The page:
Take the 2-minute tour ×
Ask Different is a question and answer site for power users of Apple hardware and software. It's 100% free, no registration required.

I've followed instructions to set the noatime flag in Lion so I can reduce SSD usage but it isn't working for me on Mountain Lion.

I'm still seeing this after restarting:

$ mount | grep " / "
/dev/disk0s2 on / (hfs, local, journaled)

Has anyone got any suggestions how to mount the startup drive with mount flag noatime?

share|improve this question
    
What happens if you just run sudo mount -vuwo noatime / from the command line? It might produce an informative error message. –  Harald Hanche-Olsen Jul 28 '12 at 21:07
    
it gives no error, output shows noatime is enabled but it only lasts until the next restart, so it needs to be scheduled I guess. –  Aram Kocharyan Jul 29 '12 at 12:06
1  
Yeah, I knew it had to be scheduled. I asked because I wanted to know if it was the command that had failed. But as you found out, it was the scheduling that didn't work. –  Harald Hanche-Olsen Jul 29 '12 at 13:24
    
It will work see my expanded answer > superuser.com/questions/487926/… –  user35063 Nov 20 '12 at 18:20
add comment

4 Answers

I was having this same problem in ML. I followed the instructions you linked to and kept getting the same result as you.

Davids-MacBook-Pro:~ davidsilver$ mount | grep " / "
/dev/disk0s2 on / (hfs, local, journaled)

However, Harald Hanche-Olsen's recommendation to run sudo mount -vuwo noatime / seemed to correct the problem.

Davids-MacBook-Pro:~ davidsilver$ mount | grep " / "
/dev/disk0s2 on / (hfs, local, journaled, noatime)
share|improve this answer
    
Ah! It worked but as I feared the flag is reset on restart. It seems the plist isn't getting executed at startup. You can apparently check for com.nullvision in the console if it runs. –  Aram Kocharyan Jul 29 '12 at 3:39
    
See my answer... –  Aram Kocharyan Jul 29 '12 at 5:03
    
I did as you said above, however I still get /dev/disk0s2 on / (hfs, local, journaled) –  David Silver Jul 29 '12 at 21:00
add comment
up vote 6 down vote accepted

Ok, I think I've got it working.

Add the file /Library/LaunchDaemons/com.nullvision.noatime.plist with contents:

<?xml version="1.0" encoding="UTF-8"?>
<!DOCTYPE plist PUBLIC "-//Apple//DTD PLIST 1.0//EN" 
        "http://www.apple.com/DTDs/PropertyList-1.0.dtd">
<plist version="1.0">
    <dict>
        <key>Label</key>
        <string>com.nullvision.noatime</string>
        <key>ProgramArguments</key>
        <array>
            <string>mount</string>
            <string>-vuwo</string>
            <string>noatime</string>
            <string>/</string>
        </array>
        <key>RunAtLoad</key>
        <true/>
    </dict>
</plist>

Run these:

  • sudo chown root:wheel /Library/LaunchDaemons/com.nullvision.noatime.plist
  • sudo chmod 644 /Library/LaunchDaemons/com.nullvision.noatime.plist
  • sudo launchctl load -w /Library/LaunchDaemons/com.nullvision.noatime.plist

The permissions have to be set to that for launchctl not to complain.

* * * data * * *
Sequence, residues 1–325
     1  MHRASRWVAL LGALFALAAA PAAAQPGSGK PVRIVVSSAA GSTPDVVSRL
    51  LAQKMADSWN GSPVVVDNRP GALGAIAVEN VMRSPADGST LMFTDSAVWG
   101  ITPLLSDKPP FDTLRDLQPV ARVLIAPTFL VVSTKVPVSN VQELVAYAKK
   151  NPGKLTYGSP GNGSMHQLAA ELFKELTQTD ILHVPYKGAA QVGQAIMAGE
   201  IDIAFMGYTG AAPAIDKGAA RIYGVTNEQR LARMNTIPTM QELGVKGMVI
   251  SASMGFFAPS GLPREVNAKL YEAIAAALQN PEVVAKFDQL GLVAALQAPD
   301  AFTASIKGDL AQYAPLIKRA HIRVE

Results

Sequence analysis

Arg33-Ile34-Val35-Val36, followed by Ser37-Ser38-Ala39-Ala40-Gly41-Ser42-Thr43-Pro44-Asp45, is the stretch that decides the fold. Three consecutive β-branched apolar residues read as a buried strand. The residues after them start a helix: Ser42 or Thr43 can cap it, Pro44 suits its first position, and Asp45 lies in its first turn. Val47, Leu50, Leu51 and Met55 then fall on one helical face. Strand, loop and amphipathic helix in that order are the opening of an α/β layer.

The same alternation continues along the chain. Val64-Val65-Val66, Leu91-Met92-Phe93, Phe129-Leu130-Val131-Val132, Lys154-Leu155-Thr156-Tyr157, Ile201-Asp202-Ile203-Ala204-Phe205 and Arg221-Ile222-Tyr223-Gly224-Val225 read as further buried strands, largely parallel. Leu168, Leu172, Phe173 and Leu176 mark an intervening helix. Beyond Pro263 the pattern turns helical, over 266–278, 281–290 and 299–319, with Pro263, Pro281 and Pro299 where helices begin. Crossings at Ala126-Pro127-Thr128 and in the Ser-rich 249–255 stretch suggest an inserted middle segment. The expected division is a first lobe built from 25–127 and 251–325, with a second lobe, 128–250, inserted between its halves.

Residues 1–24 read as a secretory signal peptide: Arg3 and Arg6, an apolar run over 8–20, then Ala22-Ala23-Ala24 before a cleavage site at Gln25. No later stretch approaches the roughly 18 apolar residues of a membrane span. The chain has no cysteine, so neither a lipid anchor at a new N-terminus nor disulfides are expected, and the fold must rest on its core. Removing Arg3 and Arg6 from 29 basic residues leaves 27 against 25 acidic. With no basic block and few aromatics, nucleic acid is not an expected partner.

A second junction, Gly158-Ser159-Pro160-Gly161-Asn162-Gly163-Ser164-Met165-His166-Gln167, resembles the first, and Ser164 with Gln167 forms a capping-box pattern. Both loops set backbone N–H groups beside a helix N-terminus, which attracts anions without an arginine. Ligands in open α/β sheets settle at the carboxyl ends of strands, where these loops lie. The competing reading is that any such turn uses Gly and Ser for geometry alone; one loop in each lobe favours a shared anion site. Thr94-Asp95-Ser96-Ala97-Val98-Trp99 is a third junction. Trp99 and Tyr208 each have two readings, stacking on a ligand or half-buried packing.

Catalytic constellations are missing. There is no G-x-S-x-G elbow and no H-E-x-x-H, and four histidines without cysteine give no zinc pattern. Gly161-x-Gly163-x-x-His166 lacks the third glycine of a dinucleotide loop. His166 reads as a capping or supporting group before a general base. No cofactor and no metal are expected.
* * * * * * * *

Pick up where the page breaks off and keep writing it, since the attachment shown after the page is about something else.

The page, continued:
Then you've got this on restart:

$ mount | grep " / "
/dev/disk0s2 on / (hfs, local, journaled, noatime)

You can check if it runs by looking in the console:

29/07/12 2:55:45.334 PM sudo[978]:     Aram : TTY=ttys000 ; PWD=/Library/LaunchDaemons ; USER=root ; COMMAND=/bin/launchctl load -w /Library/LaunchDaemons/com.nullvision.noatime.plist
share|improve this answer
1  
I think it's okay for you to accept your own answer. It won't give you any reputation, for obvious reason, but it marks the question as solved. –  Harald Hanche-Olsen Jul 29 '12 at 10:12
    
says I have to wait till tomorrow, probably to ensure other answers are provided if the OP thinks they've got it when they don't –  Aram Kocharyan Jul 29 '12 at 12:04
    
A small note, BTW: This runs the command with the v flag, but that just turns on verbosity. Which is hardly useful in a launchd-controlled job. I don't think it will even find its way into a log file? –  Harald Hanche-Olsen Jul 29 '12 at 13:26
    
Yeah it puts it in the console, see my update –  Aram Kocharyan Jul 29 '12 at 14:30
    
That console message is from sudo, run in your terminal. The output from the mount command run by launchd is what I was referring to. Does it show up too? –  Harald Hanche-Olsen Jul 29 '12 at 16:01
add comment

The tool Chameleon SSD Optimizer will work for this and it also enables TRIM. I did a lot of research and most were directing to TRIM Enabler. Then, I read few but VERY good news about this one and opted for it as it seemed newer, more stable and with no or fewer bugs.

I installed did it on my iMac (2,5 GHz i5, 16GB Ram, OCZ Vertex3 120GB SSD [boot disk] + original 500GB HD) running OS X 10.7.5. Although it was already a nice fast machine, this made things feel even faster. I use my iMac for photo and video editing with Adobe Packages and everything's stable with this addition.

share|improve this answer
add comment

I also had problems and had do to some additional steps

  • change the permission of /Library/LaunchDaemons to 777
  • copy an existant plist as com.nullvision.noatime.plist
  • edit it's content as mentioned above and save it
  • change the ownership and permission as mentioned above
  • run launchctl as mentioned above
  • change back the permission of /Library/LaunchDaemons to 755
  • reboot and check with mount | grep " / "
share|improve this answer
    
Do NOT recommend escalated privileges of 0777. Files in LaunchDaemons should never be higher than 0644. The ownership of the file (with group) would be: root:wheel (something you actually don't list, but strangely reference). –  cksum Dec 21 '13 at 11:25
add comment

Your Answer

 
discard

By posting your answer, you agree to the privacy policy and terms of service.

Not the answer you're looking for? Browse other questions tagged or ask your own question.